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The f() function in the class MapSquare works properly.. When I add the other class MapTriple, it is not working. f() function in the MapSquare should find the square of the elements in the vector and in the MapTriple should multiply 3 to all elements.

MapGeneric is the base class which contains the function map() which is a recursive function to access the vector elements and the f() function is a pure virtual function.

MapSquare and MapTriple are two derived classes overrides the f() function to find the square of vector elements and to multiply 3 with all the vector elements.

MapSquare works properly... but when I add MapTriple, segmentation fault occures. Please help to solve this.

#include<vector>
#include<iostream>
#include<cstdlib>
#include<stdio.h>
#include<stdlib.h>
using namespace std;

class MapGeneric
{
   public:
        virtual int f(int){};
        vector<int> map(vector<int>, int);
};
class MapSquare:public MapGeneric
{
   public: int f(int);

};
class MapTriple:public MapGeneric
{
   public: int f(int);
};
class MapAbsolute:public MapGeneric
{
   public: int f(int);
};
vector<int> MapGeneric::map(vector<int> v, int index)
{

   if(index>=1)
   {
      v[index]=f(v[index]);
      return map(v,index-1);
   }
   return v;

}
int MapSquare::f(int x)
{
   return x*x;
}
int MapTriple::f(int x)
{
 return 3*x;
}
int MapAbsolute::f(int x)
{
  return abs(x);
}
int main()
{
   //mapping square
   MapSquare ob;
   vector<int> L,L1,L2;
   for (int i = 1; i <= 5; i++) 
      L.push_back(i);
   L1=ob.map(L,sizeof(L));
   cout<<"Square  = ";
   for ( vector<int>::iterator i = L1.begin(); i != L1.end(); ++i) 
      cout << *i<<" ";

   //mapping triple
   MapTriple t;

   L2=t.map(L,sizeof(L));
   cout<<endl<<"Triple  = ";
   for(vector<int>::iterator i=L2.begin();i!=L2.end();++i)
     cout<<*i<<" ";

   return 0;
 }
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    virtual int f(int){}; what is that?? If you claim a function will return int, maybe try actually doing so. Just saying. Either that or declare that pure-virtual.
    – WhozCraig
    Commented May 1, 2019 at 3:57
  • You're asking us to help you debugging the code, so can you please share your own debug findings first? For example, at which line in your code does this failure take place? Commented May 1, 2019 at 3:57
  • sizeof(L) ==> L.size() and even then you're indexing out of range. Why you're not doing all of that with iterators is the mystery.
    – WhozCraig
    Commented May 1, 2019 at 3:59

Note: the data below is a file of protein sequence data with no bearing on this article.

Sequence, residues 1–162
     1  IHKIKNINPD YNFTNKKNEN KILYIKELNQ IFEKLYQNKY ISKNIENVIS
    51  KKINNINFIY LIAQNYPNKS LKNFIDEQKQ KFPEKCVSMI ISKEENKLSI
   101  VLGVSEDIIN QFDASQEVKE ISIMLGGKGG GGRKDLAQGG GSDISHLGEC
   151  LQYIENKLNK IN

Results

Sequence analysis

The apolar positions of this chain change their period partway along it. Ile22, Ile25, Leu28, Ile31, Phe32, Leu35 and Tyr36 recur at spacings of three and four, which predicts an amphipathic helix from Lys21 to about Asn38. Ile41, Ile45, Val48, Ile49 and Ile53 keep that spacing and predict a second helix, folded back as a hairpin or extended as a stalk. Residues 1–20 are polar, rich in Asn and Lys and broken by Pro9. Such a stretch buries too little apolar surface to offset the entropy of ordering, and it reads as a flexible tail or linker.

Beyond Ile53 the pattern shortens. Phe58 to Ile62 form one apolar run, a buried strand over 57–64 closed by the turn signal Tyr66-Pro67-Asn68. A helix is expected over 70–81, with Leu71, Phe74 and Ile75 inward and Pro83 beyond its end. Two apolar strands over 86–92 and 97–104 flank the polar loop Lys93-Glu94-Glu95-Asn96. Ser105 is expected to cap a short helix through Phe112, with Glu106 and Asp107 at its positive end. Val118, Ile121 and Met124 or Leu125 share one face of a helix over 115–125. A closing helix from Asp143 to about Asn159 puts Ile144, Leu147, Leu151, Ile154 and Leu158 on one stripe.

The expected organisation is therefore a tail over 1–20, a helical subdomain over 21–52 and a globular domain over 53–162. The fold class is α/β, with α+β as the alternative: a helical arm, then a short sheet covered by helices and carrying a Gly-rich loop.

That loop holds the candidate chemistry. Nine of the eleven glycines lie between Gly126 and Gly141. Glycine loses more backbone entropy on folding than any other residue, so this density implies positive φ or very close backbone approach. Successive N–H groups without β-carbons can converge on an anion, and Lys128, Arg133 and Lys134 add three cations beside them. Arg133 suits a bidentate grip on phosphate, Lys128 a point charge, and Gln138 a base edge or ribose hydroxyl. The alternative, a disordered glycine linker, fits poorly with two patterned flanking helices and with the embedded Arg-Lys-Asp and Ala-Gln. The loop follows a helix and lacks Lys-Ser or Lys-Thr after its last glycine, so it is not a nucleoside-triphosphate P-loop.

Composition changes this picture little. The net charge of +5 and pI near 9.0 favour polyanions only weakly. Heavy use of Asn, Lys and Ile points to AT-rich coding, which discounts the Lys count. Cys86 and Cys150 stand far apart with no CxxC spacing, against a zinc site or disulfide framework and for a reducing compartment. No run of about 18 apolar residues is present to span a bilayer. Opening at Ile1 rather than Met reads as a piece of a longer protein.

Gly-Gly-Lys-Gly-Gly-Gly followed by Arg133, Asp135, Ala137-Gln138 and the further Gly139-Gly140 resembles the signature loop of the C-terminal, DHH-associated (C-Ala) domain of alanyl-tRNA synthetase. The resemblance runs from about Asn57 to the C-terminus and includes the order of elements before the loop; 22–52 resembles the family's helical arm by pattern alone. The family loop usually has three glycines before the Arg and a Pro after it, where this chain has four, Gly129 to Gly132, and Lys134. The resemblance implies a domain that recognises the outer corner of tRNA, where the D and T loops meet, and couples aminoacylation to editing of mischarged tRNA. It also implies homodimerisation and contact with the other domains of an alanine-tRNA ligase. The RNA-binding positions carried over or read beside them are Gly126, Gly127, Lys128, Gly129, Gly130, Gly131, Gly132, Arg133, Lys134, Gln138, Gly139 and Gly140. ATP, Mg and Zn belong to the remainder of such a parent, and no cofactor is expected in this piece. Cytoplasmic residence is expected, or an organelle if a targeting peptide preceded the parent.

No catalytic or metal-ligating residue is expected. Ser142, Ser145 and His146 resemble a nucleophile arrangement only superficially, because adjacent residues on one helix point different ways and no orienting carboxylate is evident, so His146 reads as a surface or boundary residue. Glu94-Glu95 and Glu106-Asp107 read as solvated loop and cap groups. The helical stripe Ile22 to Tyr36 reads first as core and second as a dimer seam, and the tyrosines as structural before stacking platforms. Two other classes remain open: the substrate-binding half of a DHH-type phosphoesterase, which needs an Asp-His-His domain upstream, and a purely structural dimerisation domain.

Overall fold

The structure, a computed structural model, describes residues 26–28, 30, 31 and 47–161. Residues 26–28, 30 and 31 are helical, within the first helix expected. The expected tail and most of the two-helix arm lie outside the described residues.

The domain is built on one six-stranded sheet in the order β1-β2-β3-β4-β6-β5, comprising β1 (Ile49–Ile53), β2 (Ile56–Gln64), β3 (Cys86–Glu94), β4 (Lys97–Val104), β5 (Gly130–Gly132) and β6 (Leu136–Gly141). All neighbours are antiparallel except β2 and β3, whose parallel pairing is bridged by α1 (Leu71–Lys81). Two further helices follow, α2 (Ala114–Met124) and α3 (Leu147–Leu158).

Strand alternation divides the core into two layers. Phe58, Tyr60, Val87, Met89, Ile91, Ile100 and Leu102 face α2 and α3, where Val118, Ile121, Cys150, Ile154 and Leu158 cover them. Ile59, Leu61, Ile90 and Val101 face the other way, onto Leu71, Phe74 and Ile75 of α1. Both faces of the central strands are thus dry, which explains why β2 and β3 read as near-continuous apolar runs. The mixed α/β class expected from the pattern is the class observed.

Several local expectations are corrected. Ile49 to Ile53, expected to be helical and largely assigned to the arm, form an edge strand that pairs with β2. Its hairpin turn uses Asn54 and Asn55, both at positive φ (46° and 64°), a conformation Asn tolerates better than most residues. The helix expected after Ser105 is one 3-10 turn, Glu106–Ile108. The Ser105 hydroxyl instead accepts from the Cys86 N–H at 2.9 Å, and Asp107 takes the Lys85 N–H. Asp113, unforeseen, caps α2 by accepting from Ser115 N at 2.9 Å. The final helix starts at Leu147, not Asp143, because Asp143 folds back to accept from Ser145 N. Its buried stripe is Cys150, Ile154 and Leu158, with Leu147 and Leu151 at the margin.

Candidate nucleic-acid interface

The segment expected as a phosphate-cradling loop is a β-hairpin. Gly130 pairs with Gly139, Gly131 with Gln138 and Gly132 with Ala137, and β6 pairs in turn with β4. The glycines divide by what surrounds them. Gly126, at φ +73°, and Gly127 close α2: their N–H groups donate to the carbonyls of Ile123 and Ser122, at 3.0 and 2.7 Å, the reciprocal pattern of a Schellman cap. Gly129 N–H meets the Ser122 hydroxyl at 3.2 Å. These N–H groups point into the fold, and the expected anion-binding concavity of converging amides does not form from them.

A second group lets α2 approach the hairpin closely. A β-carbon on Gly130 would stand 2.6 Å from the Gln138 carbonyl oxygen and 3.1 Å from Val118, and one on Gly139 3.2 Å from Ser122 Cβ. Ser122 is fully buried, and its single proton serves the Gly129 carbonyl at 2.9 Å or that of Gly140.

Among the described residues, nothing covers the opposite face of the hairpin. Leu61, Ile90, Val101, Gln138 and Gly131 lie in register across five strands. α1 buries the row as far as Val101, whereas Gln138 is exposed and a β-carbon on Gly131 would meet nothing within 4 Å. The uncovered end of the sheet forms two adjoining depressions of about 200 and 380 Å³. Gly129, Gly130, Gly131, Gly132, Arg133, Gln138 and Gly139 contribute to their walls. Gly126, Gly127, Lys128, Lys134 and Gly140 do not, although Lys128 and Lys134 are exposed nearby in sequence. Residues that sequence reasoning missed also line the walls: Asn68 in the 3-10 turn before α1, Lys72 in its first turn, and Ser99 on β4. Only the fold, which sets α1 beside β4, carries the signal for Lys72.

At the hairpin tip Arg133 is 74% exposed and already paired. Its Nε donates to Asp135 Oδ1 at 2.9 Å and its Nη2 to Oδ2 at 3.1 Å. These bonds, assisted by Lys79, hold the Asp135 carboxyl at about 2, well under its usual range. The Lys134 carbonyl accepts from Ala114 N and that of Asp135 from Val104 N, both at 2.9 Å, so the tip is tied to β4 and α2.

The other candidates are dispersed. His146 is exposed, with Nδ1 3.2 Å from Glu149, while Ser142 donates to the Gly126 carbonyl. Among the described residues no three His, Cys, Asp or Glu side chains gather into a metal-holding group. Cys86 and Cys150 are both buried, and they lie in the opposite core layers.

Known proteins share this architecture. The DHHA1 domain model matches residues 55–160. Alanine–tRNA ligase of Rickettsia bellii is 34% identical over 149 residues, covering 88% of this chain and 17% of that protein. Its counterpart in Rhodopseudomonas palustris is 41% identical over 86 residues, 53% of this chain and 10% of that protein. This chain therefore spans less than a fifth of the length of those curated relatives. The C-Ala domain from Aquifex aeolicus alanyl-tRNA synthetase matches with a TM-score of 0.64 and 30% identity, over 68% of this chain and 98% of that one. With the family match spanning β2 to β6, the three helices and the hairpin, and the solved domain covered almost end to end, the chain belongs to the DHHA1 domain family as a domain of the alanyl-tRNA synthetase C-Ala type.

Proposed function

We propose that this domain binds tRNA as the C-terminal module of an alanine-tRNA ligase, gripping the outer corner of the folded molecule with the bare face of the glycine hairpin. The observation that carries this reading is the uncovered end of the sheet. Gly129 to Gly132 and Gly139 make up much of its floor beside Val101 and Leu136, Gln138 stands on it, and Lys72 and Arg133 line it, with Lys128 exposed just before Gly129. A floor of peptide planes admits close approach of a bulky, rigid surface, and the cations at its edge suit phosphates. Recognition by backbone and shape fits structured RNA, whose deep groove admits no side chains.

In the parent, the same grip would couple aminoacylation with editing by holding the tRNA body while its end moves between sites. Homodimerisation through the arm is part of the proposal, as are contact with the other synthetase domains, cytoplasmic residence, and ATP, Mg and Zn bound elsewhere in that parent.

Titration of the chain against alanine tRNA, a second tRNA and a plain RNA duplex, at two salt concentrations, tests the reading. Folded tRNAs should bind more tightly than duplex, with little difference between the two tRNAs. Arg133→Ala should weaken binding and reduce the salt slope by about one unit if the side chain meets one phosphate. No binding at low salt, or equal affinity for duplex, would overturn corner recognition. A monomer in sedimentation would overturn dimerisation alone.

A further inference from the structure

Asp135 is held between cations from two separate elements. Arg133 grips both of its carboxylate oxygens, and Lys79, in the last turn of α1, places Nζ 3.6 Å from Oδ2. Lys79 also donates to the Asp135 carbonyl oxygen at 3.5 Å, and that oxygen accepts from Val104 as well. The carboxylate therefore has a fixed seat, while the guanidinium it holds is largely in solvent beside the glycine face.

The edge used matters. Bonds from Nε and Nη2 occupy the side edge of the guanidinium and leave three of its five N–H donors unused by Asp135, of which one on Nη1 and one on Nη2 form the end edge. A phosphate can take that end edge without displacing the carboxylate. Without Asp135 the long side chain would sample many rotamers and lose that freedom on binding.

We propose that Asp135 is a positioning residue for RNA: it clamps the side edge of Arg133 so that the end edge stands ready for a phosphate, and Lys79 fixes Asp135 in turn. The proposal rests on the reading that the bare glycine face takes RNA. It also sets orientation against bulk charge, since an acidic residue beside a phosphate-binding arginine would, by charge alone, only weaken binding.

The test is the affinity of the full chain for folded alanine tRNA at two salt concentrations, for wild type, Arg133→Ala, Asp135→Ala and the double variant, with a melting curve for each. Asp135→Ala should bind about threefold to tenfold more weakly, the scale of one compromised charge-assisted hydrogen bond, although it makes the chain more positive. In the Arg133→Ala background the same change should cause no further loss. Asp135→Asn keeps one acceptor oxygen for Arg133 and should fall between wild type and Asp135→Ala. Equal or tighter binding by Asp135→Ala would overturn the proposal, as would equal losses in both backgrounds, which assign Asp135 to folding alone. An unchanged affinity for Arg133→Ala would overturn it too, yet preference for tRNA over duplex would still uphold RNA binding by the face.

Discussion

• $g++ -o main *.cpp $main timeout: the monitored command dumped core sh: line 1: 35296 Segmentation fault timeout 10s main
    – Tech Tutor
    Commented May 1, 2019 at 3:59
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    sizeof(L) is not about number of elements in vector, it's a constant value, describing size of vector class. Use L.size() instead.
    – J. S.
    Commented May 1, 2019 at 4:00

1 Answer 1

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A number of problems here. It looks as though you think that C++ indices start at 1, rather than zero?

if(index>=1)
{
   v[index]=f(v[index]);
   return map(v,index-1);
}

To me that immediately looks wrong, surely you mean:

// use size_t for indices (which cannot be negative)
vector<int> MapGeneric::map(vector<int> v, size_t index)
{
  // make sure the index is valid!
  if(index < v.size())
  {
    v[index] = f(v[index]);
    return map(v, index - 1);
  }
  return v;
}

Secondly, the sizeof() operator does not do what you expect!! It returns the size of std::vector (which is usually 24bytes on 64 bit systems - basically 3 pointers). You should use the size() method to determine the length of the array.

// remember that indices are zero based, and not 1 based!
L1=ob.map(L, L.size() - 1);
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  • is there any mistake in the below code? The filter function should filter the odd elements from the vector. bool FilterOdd::g(int x) { if(x%2==1) return true; else return false; } vector<int> FilterGeneric::filter(vector<int> v, size_t index) { vector<int> t; if(index <= v.size()) { if(g(v[index])==true) t.push_back(v[index]); return filter(v, index - 1); } return t; }
    – Tech Tutor
    Commented May 1, 2019 at 4:57

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